MaxwellBuchanan, Aug 15 2019

       //we've all barely recovered from the global catastrophe of the Y2K bug//   

       [Perks up ears]   

       Does that mean we have or we haven't?   

       Just wondering if it's safe to leave my Y2K bunker or not.
Skewed, Aug 15 2019

       Nice work, [zen_tom]. Now I have to see if I can find ...   

       Ah, there it is - See the link, if you please.
normzone, Aug 15 2019

       //But it is loony to demand it's destruction while yelling that you're doing it to save everyone.// - agreed, and yet people *still* demand, despite all the evidence, we continue with the Brexit nonsense.   

       It is not even remotely controversial to say this course of action has not gone well so far. The "easiest deal in the world" and "Brexit dividends" are now very much slogans of the past in the light of actual events. Events predicted, pooh-poohed and dismissed as "project fear" more than 3 years ago. Still, the pointless march into an expensive mess continues.   

       //the global catastrophe of the Y2K bug// the main difference between Brexit and the Y2K bug was the Y2K bug was not routinely hyped as an "opportunity". Yes, lots of COBOL programmers were able to charge impressive day-rates and big-4 consultancies did extremely well off of it. And, perhaps, as a result, some investment was spent on systems that might otherwise have languished in an unmaintained state. But while both certainly cost many millions to sort out, the Y2K bug wasn't an Albatross imposed by choice - without a concerted up-front effort to solve, many systems could well have experienced problems - in the end, after spending 100's of billions - the non event was just that - mission accomplished. It's one thing to have to perform a chore to mitigate a risk, and there's another in applying self imposed economic sanctions to the advantage of competing nation states, border-straddling multinationals and opportunistic disaster capitalists.   

       Thanks [norm]!- and not gratuitous at all - there is nothing like a ballad to provide mental refreshment.
zen_tom, Aug 16 2019

       Brexit will have no effect on many of its protagonists, like Bonkers Boris, James Dismal Dyson, Fruit Cake Farage etc, as all of their investments have been either shifted out of the UK and into Euros or to places like Singapore. It’s the poorly informed saps in places like Scunthorpe or Wigan or Hartlepool who will wake up with no job, and be facing the hard edge of total chaos. Instead of setting fire to the fertile fields of France, they may well end up burning their own furniture to stay warm this winter.
xenzag, Aug 16 2019

       Quite - If you've an income stream denoted in a foreign currency, then relative to everyone else in the country, Brexit will be a positive boon. We've already lost an approximate 1/3 of our sovereignty as measured in purchasing power measured in Cable which has dropped from ~1.7 in 2015 to 1.2 today.   

       Normally a country would have to lose a small war to achieve a similar effect.   

       Poorer folks will undoubtedly have the option to wave their little flags, and while hairdressers, shopkeepers and betting shop owners wont feel any direct impact (unless they're Polish and are deported along with their families as being no longer welcome in today's "modern, outward looking democracy") they will instead feel the indirect squeeze of a weaker pound, inflation, rising interest rates making debt more expensive, and higher taxes to offset the loss in government takings due to the repressed business environment and loss of long-term inward investment.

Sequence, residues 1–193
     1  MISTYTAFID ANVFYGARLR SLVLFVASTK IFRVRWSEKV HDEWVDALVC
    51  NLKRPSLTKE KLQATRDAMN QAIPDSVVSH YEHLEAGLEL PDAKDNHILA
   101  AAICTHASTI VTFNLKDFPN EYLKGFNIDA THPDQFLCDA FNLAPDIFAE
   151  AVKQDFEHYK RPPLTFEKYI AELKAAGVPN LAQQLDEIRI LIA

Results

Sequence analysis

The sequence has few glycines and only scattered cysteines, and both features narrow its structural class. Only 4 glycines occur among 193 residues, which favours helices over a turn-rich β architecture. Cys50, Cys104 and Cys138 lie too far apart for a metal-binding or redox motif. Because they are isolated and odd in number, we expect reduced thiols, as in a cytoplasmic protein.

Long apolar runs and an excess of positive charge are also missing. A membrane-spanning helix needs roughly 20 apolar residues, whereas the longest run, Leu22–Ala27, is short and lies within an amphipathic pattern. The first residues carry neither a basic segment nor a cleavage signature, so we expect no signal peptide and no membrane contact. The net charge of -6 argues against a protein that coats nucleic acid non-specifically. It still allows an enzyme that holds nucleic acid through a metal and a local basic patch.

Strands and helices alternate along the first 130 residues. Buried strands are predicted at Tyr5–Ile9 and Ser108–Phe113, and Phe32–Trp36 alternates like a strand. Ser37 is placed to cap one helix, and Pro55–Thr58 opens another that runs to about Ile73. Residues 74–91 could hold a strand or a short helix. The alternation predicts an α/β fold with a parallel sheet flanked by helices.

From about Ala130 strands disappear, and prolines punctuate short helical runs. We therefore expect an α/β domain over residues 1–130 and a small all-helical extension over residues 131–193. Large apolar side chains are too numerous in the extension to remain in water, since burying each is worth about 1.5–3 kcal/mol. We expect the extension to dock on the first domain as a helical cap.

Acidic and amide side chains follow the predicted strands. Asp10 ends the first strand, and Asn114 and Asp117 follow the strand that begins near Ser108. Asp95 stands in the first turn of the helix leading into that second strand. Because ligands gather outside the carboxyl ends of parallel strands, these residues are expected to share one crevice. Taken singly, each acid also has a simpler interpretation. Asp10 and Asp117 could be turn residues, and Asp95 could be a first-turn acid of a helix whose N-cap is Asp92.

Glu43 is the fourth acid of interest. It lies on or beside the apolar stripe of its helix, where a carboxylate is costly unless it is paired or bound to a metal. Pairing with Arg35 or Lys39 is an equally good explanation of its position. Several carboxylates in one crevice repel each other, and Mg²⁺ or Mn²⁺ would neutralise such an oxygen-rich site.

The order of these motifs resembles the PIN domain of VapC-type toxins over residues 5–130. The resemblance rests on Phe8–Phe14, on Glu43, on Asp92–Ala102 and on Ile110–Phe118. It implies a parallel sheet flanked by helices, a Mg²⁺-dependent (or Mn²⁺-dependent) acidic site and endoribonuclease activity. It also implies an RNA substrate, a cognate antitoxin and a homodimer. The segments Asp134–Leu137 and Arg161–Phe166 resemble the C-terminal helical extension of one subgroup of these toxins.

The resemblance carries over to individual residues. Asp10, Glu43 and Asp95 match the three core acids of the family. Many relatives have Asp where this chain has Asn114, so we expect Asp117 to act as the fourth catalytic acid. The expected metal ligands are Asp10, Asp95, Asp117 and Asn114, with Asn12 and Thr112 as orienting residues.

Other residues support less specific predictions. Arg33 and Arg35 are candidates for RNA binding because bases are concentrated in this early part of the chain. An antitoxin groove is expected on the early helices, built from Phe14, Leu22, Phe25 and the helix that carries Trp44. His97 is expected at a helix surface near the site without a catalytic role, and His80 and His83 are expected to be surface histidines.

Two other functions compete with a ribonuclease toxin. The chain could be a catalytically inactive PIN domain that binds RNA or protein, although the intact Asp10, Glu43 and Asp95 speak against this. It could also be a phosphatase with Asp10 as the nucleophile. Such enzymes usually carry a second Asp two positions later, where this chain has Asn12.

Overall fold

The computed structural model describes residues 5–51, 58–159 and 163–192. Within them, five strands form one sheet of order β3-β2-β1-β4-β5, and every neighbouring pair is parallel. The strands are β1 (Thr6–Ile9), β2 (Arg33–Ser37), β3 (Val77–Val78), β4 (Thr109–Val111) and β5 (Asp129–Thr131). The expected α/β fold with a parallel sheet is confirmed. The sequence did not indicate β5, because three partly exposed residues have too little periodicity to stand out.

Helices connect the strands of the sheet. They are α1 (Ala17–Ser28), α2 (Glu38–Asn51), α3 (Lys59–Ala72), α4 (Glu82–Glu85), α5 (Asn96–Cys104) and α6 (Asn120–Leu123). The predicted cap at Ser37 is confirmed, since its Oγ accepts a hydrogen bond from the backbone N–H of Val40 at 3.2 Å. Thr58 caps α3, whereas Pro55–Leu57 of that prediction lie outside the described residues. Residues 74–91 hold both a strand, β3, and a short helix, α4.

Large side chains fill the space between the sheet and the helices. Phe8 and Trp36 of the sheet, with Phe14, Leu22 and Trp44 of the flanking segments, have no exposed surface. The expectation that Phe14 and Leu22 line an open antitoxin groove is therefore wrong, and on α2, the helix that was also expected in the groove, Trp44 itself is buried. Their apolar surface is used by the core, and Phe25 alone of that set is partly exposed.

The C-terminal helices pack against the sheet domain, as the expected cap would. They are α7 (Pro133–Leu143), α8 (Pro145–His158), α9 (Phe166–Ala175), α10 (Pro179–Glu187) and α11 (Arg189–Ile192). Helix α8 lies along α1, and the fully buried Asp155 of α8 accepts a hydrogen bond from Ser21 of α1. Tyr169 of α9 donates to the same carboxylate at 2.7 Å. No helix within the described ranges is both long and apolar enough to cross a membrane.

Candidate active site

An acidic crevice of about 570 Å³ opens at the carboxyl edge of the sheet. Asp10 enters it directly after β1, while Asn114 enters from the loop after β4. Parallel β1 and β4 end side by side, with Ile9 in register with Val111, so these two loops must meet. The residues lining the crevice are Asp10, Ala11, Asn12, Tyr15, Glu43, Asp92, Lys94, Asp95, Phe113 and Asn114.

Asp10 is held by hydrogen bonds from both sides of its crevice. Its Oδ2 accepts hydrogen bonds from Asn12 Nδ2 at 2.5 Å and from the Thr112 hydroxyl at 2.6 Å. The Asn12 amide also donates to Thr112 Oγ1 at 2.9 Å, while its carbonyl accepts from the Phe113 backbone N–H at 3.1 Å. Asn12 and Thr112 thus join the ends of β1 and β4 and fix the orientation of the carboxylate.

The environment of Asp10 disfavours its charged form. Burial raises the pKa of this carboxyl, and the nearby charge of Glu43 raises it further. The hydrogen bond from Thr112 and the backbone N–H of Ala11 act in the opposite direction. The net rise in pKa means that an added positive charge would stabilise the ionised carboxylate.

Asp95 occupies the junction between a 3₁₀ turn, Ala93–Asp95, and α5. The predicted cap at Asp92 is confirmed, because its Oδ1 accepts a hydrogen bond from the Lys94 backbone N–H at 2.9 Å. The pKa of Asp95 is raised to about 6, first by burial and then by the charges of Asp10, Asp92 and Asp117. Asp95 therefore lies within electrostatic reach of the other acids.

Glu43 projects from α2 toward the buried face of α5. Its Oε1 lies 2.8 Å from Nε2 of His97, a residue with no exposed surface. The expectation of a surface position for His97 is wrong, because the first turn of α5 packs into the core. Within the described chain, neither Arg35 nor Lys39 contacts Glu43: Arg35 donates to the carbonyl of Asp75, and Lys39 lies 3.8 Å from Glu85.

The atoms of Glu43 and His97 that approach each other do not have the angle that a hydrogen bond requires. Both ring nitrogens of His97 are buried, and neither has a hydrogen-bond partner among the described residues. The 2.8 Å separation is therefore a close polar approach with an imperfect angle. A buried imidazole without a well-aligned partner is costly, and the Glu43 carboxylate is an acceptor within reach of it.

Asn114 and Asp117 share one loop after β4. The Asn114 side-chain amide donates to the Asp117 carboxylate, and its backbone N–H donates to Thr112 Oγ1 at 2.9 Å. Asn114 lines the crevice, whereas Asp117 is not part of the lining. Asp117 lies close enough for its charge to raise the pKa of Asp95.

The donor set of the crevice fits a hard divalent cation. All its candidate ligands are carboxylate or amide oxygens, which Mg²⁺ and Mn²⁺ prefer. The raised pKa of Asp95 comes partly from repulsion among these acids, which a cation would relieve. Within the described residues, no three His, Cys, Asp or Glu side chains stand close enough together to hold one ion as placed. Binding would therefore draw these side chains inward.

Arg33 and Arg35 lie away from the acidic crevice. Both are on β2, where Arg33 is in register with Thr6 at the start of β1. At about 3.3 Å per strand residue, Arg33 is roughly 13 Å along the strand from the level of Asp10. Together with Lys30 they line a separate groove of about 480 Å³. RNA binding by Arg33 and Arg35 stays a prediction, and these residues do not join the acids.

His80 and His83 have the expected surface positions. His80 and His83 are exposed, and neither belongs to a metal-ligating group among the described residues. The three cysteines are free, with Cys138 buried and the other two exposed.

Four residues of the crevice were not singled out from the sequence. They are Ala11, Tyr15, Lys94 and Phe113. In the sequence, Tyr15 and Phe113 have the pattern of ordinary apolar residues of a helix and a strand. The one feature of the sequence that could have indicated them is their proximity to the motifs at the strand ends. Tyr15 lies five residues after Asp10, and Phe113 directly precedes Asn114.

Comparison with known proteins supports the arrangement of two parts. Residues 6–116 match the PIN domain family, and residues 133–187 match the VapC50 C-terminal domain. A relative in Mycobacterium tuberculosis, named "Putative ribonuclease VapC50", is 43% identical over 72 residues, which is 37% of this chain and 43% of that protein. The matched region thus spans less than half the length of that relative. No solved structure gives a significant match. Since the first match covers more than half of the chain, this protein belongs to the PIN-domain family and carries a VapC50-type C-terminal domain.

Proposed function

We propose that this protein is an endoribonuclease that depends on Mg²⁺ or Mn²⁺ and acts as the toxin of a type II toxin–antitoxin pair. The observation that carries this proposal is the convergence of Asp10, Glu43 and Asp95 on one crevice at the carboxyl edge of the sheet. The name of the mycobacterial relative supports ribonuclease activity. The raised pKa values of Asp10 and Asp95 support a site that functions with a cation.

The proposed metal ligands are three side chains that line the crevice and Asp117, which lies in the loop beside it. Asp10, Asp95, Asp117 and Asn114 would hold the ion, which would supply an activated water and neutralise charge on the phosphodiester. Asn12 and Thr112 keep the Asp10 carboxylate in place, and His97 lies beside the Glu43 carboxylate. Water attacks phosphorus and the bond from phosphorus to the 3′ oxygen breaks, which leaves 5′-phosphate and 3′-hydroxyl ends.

Our international standing will become further eroded as peak-manufacturing like Airbus and complex supply-chain fulfillment will decline, taking high paying, highly technical jobs and expertise with them - undoing decades of incremental investment. Sunderland, Swindon already having announced massive factory closures and winding down of once profitable businesses. Farmers will find the additional 40% tariffs applied to their meat produce will put them below the already marginal profitability margin, so any rich folk who ever fancied buying up great swathes of farmland should be polishing their monocles with relish at the opportunity.   

       Here in London, we'll be somewhat protected from much of this as head-offices hire logistics, software experts and hordes of lawyers to mitigate (and indeed in many cases, find ways to profit from) the costs of operating in a more complicated, bureaucratic cross-border environment - there will be *huge* arbitrage opportunities - for those ready to take advantage of them - naturally. So at least the sharpest decline will be felt most acutely in the provinces who voted for it.   

       But yes, the proles will be able to wave their flags and reminisce about 2 world wars and one world cup. Just as they are free to do now of course. Only this time, they will have the added feeling of having won something to cling onto. Well done them. Congrat-u-fucking-lations.   

       The *real* worry of course, is that having clearly shown a willingness to hurt themselves over a few empty slogans; What, (and for whom) after it continues to go so obviously, inexorably wrong, will they vote for in the next 5 years?
zen_tom, Aug 16 2019

       //Farmers will find the additional 40% tariffs applied to their meat produce//   

       Can I just mention that, over the last few years, the UK has consistently imported about 2.5 times more food from the EU than we have exported to the EU (25-35bn imports vs 10-14bn exports). The likelihood that the EU will insist on 40% tariffs is zero.   

       In the event of a no-deal Brexit, the EU will do what is best for the EU, and the UK will do what's best for the UK. In practical terms, those two things align to a large extent.
MaxwellBuchanan, Aug 16 2019

       Well, yes, that's what happens when you're negotiating something: you agree all the things you agree on nice and quickly and then you fight over the things you disagree on. No amount of "our interests are aligned" (a line I have to my shame used more than a few times) will get you past (a) there are areas where interests are not aligned and (b) in respect of those non aligned areas, the biggest boy gets the better deal. In a no deal situation, the UK is not the biggest boy.
calum, Aug 16 2019

       Isn't there a Unix roll-over 2030 or summat like that?
not_morrison_rm, Aug 16 2019

       Babbage Difference Engines will jam if given a year after 2027, since this is 50/7ths of 28378. Unless preventative action is taken, the main carriage pawls are likely to be irreparably damaged.
MaxwellBuchanan, Aug 16 2019